Objective. Acute pancreatitis starts as an autodigestive process restricted to the pancreas and progresses to a systemic inflammation via cytokine release into the blood stream. Several inhibitors of the coagulation cascade, including active- siteinactivated factor VIIa, have shown anti- inflammatory properties in other inflammatory models than acute pancreatitis. Free radical scavengers have proven useful in reducing the oxidative damage during hyperinflammatory conditions. The aim of this study was to investigate whether pretreatment with FVIIai would have any effect on the multiple organ dysfunction syndrome ( MODS) in severe acute pancreatitis. Material and methods. Experimental acute pancreatitis was induced by intraductal infusion of taurodeoxycholate in the pancreatic duct. The animals were pretreated with N- acetyl- cysteine and active- site- inactivated factor VIIa. Neutrophil infiltration in the lungs, ileum and colon was quantified by myeloperoxidase activity. Inflammatory markers, IL- 6 and MIP- 2, were measured using ELISA. Results. Tissue infiltration of neutrophils in the lungs, ileum and colon significantly increased during acute pancreatitis as compared to sham operation. These levels were reduced by pretreatment with N- acetylcysteine and active- site- inactivated factor VIIa. Levels of interleukin- 6 and macrophage inflammatory protein- 2 increased significantly during acute pancreatitis. Pretreatment with NAC and FVIIai reduced these levels. Conclusions. Both N- acetylcysteine and active- site- inactivated factor VIIa showed powerful antiinflammatory properties in experimental acute pancreatitis. As they exert their effects through different physiological mechanisms, they represent potential candidates for future multimodal treatment of acute pancreatitis. (Less)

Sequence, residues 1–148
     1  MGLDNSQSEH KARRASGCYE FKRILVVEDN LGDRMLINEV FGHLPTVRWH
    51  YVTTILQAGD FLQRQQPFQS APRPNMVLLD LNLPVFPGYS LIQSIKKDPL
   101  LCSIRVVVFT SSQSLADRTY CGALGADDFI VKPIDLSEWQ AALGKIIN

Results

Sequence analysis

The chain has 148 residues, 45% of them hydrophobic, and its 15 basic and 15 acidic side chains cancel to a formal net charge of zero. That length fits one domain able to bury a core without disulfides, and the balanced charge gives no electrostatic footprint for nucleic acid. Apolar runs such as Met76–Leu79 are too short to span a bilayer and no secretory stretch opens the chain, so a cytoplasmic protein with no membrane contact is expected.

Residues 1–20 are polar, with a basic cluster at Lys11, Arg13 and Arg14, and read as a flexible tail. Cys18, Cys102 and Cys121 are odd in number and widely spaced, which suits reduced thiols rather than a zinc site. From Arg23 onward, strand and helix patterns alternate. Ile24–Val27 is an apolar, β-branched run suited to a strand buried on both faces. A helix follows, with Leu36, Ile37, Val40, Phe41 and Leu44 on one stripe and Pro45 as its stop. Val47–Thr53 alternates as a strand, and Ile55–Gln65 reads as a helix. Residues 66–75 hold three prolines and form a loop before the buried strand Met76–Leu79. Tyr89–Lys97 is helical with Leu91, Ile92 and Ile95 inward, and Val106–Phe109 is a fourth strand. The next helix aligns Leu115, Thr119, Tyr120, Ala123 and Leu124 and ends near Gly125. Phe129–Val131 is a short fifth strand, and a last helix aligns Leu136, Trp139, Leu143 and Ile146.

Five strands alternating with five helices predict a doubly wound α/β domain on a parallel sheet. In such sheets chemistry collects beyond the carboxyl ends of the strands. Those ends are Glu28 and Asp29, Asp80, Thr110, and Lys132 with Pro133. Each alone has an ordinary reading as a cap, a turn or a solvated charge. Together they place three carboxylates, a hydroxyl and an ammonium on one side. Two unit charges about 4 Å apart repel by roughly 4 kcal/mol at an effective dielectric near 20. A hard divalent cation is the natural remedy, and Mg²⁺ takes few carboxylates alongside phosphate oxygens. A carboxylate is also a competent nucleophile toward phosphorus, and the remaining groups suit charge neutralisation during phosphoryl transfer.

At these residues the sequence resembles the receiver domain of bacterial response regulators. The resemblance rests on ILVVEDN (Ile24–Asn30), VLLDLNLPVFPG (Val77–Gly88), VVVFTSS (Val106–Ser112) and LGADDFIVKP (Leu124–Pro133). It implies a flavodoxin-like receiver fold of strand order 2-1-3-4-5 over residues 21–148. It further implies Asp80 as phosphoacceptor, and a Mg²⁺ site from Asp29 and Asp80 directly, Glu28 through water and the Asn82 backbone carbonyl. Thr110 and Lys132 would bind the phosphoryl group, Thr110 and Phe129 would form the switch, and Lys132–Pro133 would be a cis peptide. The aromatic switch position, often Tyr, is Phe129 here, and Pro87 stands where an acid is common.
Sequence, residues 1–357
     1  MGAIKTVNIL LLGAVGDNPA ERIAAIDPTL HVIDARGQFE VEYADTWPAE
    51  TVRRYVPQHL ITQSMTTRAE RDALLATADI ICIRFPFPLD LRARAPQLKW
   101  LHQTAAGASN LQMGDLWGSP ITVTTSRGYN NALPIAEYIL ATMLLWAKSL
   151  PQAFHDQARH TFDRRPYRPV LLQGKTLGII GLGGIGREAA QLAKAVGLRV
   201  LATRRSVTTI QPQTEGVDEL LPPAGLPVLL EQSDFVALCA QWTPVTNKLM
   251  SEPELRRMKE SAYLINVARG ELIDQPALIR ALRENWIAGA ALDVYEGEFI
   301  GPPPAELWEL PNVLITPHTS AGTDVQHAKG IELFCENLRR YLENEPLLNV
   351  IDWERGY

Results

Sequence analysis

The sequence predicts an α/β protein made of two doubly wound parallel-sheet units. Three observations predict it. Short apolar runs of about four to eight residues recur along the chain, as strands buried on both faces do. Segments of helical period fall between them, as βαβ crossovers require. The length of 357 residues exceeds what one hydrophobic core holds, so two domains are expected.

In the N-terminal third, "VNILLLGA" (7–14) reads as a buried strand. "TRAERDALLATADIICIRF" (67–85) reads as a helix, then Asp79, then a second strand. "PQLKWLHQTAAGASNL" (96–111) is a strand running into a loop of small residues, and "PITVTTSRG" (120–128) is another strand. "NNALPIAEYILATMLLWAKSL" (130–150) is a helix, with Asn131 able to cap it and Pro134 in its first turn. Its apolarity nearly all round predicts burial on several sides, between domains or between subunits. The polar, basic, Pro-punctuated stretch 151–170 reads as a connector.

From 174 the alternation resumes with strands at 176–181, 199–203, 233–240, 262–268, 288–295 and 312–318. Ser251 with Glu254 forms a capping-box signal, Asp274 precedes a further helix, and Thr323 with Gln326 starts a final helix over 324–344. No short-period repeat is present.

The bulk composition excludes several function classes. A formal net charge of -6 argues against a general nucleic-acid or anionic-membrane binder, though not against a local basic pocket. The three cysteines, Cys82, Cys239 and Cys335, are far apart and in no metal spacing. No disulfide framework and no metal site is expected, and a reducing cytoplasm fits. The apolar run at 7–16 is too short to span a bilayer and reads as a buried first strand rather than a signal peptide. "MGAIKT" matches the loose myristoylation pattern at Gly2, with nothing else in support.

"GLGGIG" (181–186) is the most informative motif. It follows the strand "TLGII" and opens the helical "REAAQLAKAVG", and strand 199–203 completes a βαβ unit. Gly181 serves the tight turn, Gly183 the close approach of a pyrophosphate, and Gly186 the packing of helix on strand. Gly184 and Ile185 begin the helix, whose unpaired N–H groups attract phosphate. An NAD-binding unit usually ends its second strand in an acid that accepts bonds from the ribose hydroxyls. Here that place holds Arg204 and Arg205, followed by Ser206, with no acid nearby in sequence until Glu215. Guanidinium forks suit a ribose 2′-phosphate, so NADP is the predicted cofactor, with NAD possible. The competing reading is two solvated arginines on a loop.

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author
organization
publishing date
type
Contribution to journal
publication status
published
subject
in
Scandinavian Journal of Gastroenterology